from the introduction:
The goal of play”, the Situationists were stating in their Contribution to a Situationist Definition of Play (1958), “must be at the very least to provoke conditions favourable to direct living.” Back in the 1960s, play was considered by the situationists a decisive factor that could eliminate competitions and hierarchies, bring in passion and desires, and emphasize people’s subjectivities. “Only play can deconsecrate, open up the possibilities of total freedom. This is the principle of diversion, the freedom to change the sense of everything which serves Power” (Vaneigem 1967) Some decades later, the total invasion the situationists were hoping for, partially happened in an unforeseen way, with play being present in many sectors of our lives, used as a tool, as a platform, as a medium. Play’s expansion cannot be doubted but its freedom can be seriously questioned. Play today is enclaved in various politicised and commercialised forms that are considered influential to our culture. But does play itself have the power to change structures and provoke changes in our contemporary times?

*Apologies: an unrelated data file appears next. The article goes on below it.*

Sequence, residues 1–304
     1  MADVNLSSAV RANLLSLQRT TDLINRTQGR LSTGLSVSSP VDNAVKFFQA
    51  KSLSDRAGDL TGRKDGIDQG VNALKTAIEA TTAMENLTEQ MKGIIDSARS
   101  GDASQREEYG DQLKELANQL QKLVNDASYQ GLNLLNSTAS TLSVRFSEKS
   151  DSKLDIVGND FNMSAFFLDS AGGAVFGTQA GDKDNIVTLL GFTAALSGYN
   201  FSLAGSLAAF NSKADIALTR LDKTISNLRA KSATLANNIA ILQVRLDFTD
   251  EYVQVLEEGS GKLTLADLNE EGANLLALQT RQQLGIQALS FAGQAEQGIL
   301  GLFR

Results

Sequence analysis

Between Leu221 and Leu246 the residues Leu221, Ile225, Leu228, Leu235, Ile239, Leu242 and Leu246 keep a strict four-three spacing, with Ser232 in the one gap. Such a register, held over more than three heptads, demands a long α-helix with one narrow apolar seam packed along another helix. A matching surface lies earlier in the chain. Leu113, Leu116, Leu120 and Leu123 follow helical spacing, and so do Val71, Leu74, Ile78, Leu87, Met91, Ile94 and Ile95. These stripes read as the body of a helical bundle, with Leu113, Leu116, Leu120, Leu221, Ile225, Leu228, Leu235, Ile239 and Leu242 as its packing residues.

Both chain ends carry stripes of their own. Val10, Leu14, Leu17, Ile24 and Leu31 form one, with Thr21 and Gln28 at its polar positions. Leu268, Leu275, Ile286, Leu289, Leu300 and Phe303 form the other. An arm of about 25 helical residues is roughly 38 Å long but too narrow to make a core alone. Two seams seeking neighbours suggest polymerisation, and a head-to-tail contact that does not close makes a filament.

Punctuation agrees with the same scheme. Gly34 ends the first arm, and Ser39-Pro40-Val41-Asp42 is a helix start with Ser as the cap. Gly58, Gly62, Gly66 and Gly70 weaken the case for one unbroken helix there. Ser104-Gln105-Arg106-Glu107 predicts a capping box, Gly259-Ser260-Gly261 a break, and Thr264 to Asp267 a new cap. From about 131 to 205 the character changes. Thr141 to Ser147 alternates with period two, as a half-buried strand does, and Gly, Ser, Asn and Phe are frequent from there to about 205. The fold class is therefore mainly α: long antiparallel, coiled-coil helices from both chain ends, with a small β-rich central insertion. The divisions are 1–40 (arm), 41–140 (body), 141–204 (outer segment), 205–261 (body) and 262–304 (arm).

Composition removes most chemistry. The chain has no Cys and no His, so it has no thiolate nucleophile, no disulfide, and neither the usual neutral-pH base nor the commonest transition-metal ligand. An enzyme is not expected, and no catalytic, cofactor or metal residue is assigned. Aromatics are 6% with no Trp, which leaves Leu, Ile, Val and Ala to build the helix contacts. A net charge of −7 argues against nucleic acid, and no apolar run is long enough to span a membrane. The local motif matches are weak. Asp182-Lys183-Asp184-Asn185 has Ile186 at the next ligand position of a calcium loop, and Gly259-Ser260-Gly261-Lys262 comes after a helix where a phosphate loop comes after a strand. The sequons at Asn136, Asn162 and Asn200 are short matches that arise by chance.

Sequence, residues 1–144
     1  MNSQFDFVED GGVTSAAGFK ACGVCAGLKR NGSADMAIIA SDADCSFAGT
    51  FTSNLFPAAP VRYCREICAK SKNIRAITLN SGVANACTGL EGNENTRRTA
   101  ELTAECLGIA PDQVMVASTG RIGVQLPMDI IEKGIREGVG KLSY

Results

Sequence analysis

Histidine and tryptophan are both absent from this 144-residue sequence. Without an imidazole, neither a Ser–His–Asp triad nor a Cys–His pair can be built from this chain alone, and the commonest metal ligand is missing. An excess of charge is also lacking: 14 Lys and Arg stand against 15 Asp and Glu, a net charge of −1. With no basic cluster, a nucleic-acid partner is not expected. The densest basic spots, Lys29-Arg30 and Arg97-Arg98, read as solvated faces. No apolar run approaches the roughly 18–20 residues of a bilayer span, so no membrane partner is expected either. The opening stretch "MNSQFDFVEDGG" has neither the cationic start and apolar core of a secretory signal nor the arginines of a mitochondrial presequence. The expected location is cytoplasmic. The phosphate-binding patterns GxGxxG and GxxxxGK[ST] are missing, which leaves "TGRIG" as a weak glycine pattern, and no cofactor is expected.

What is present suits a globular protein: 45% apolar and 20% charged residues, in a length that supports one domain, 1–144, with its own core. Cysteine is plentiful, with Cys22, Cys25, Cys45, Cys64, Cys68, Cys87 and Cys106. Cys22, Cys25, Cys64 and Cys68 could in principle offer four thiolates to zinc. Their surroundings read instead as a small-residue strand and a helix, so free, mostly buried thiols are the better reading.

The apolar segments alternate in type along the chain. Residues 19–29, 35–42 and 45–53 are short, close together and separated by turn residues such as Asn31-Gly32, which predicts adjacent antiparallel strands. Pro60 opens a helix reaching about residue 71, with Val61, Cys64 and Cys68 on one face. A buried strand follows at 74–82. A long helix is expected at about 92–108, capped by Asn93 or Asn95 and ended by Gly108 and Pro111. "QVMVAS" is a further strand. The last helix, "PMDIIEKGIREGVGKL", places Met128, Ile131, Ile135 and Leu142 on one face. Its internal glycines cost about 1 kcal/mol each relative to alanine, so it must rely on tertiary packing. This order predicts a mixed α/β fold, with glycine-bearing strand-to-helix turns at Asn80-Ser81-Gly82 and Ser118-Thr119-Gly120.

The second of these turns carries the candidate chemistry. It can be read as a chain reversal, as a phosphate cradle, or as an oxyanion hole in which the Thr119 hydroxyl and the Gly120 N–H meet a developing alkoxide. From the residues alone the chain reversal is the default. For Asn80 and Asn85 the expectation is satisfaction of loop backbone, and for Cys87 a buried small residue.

Giorgio Agamben considers play a most important element in culture, explaining that it is the only act able to profane what is considered sacred. It can liberate humanity from the “sacred”, without negating it. It can profane the “sacred” without destroying the myth behind; it does not simply politicise. And if play is to cause changes and form our lives in better ways, this would be through its capacity to be an act of profanation by itself. But, unfortunately, this tendency according to Agamben is in decline and the need to regain it is a political necessity (Agamben 2006:127).
What are the conditions of play today? Can it seriously play a role in our everyday lives? Who could re-attribute its capability to profane?